File sharing service WeTransfer has unveiled a redesign of its identity, logo and website. This is the first identity revamp the company has done since launching in 2009, and includes the decision to drop “transfer” from its logo and “start from scratch” with a stripped-back two-letter symbol.
The company was founded on making it “dead simple to send digital goods,” explains Thijs Remie, vice president of design at WeTransfer, “and we’re now looking towards the future, exploring all possibilities. This is reflected in the new logo”. It also represents the community-driven nature of the service, which is widely used by creatives and features a variety of artists on its site.
The logo no longer has roots in the typeface used for the original identity, Thijs says. “We started with an empty canvas and a mission to create a symbol that captures the right personality, one that is technically well-executed, and can clearly be read as ‘we’.”
The design began in-house, with the company’s creative director Laszlito Kovacs drafting the concept and exploring initial options. Then the team worked with Bold Monday’s Paul van der Laan to work on the finer details, aiming to create a logo that looks “well-balanced and exudes its personality at a small size”.
“Together we revisited the entire rationale, and Paul helped us sharpen our ideas on the logo,” Thijs says. “Ultimately, and after numerous iterations, he managed to really nail the execution. Getting there was anything but a straight line, although the end result might seem perfectly sensible and a clear evolution of its predecessors.”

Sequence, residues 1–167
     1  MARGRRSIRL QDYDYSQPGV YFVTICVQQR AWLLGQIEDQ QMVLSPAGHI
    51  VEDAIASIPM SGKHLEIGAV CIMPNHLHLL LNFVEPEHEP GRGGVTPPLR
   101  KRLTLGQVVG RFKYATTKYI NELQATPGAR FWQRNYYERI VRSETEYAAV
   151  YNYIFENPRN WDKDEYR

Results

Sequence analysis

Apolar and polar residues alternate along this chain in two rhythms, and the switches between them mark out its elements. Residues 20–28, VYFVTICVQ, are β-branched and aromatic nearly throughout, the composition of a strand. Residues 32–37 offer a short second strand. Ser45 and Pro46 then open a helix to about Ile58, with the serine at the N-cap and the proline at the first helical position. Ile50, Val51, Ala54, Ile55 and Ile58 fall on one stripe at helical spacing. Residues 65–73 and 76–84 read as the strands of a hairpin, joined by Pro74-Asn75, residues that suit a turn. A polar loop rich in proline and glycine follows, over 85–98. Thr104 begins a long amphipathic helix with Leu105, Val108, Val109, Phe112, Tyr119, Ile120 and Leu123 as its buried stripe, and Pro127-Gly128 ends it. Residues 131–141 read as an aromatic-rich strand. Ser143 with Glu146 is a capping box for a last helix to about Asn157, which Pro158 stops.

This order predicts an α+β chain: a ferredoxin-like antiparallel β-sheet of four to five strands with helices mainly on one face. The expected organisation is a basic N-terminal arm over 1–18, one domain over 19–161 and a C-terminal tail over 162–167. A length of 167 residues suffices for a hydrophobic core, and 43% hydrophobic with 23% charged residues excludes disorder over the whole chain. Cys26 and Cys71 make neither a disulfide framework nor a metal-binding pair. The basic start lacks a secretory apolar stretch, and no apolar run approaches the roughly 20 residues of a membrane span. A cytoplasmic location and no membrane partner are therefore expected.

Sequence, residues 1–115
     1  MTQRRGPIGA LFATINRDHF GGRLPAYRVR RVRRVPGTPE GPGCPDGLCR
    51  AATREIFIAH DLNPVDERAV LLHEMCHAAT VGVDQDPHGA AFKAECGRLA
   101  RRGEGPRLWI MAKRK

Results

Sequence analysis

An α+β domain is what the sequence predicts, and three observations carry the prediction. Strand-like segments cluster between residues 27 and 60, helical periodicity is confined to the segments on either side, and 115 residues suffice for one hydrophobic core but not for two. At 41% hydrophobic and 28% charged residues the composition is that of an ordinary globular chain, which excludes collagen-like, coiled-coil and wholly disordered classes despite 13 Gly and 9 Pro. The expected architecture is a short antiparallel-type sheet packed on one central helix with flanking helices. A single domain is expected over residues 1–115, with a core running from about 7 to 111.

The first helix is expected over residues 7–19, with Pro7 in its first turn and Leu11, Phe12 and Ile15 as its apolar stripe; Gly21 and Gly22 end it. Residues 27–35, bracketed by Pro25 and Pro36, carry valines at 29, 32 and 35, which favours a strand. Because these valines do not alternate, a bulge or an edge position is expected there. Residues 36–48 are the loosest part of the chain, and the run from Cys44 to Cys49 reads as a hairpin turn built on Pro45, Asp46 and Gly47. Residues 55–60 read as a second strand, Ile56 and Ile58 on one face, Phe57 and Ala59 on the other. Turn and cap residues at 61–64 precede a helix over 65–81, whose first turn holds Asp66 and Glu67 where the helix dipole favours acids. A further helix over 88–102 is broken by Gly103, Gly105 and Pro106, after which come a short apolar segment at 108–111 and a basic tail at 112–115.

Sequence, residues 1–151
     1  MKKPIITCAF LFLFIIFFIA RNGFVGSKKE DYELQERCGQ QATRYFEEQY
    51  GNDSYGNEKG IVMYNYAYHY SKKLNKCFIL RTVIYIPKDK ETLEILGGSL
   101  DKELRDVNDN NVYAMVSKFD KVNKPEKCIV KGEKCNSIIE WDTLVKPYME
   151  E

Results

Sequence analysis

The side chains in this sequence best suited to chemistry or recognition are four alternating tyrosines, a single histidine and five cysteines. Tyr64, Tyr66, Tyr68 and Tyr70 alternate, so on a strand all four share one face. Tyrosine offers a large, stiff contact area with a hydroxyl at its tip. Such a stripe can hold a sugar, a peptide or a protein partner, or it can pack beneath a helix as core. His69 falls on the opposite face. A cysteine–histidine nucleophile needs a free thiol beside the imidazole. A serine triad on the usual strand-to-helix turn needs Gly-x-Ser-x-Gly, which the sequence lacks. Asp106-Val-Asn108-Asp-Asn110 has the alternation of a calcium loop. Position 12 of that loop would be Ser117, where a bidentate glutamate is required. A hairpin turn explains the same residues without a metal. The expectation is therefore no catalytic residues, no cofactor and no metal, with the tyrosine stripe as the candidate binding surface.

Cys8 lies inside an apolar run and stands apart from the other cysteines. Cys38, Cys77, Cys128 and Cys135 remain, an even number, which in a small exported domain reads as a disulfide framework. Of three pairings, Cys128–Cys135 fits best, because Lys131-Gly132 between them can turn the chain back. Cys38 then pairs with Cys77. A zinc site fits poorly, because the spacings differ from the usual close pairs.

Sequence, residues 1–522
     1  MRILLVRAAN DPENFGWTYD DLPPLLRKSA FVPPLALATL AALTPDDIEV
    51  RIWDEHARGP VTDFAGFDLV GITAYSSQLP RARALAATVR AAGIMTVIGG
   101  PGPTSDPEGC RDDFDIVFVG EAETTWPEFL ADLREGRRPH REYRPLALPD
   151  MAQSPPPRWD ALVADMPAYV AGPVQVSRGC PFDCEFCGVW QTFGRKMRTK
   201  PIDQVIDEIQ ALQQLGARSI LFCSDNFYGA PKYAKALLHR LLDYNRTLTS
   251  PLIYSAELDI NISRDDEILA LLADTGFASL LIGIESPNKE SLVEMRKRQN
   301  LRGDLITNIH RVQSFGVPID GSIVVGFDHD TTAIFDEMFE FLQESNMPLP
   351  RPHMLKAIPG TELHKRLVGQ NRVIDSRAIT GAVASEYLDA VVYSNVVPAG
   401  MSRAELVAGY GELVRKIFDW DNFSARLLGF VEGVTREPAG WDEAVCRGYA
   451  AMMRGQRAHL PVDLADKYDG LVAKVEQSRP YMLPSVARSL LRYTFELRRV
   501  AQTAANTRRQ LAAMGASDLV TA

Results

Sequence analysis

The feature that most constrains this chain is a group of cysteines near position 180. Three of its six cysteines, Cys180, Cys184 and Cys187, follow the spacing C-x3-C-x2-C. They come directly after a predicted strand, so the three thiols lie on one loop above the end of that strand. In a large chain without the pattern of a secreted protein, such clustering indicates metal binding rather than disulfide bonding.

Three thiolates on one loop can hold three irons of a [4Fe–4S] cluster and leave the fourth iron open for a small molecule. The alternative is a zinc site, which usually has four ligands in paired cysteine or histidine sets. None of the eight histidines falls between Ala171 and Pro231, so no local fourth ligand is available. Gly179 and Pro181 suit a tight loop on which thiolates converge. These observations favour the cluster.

Outside the logo, the wider identity has been revamped from the inside out, to reflect how the service has evolved since 2009. It has a new colour palette, updated typography, a cleaner interface, a bigger message field that scales as you type, and a set of shapes – dubbed “particles” by the design team – to freshen up the look of the site, plus a set of spot illustrations commissioned for “key moments of the transferring process”.
“Around the core utilitarian aspect of WeTransfer is the experience of using it,” says Thijs, “which goes beyond the easy-to-use aspect. One could argue that the usability and the look & feel are of equal importance to us. We continue to allocate one third of our ad inventory to highlight photographers, illustrators, musicians and other artists. I think our new visual identity embraces creativity and the community.”
- Yang Qi’s work expresses a strong Chinese and German cultural background
- Jenny Schweitzer's latest documentary explores gender, competition, and chess
- Ronan McKenzie curates I'm Home, an exhibition exploring the black British female experience
- Photographer Andrea Artemisio's wacky realisations breathe fresh air into magazine editorial
- Deep Throat Studio may have been borne out of failure but it thrives today
- Sunny Side Up: a fake new exhibition by Sunny, a fake artist too
- Record Label Logo Archive Vol.1 is a music nerd's dream come true
- Rudeboy: The Story of Trojan Records documents the origins of Jamaican and British youth culture
- Good Type’s new fonts continue to rivet the typographic community
- An interview with Pentagram's latest partner, Astrid Stavro
- The internet responds to Banksy’s self-destructive act of art
- Welcome to World Mental Health Day 2018 on It's Nice That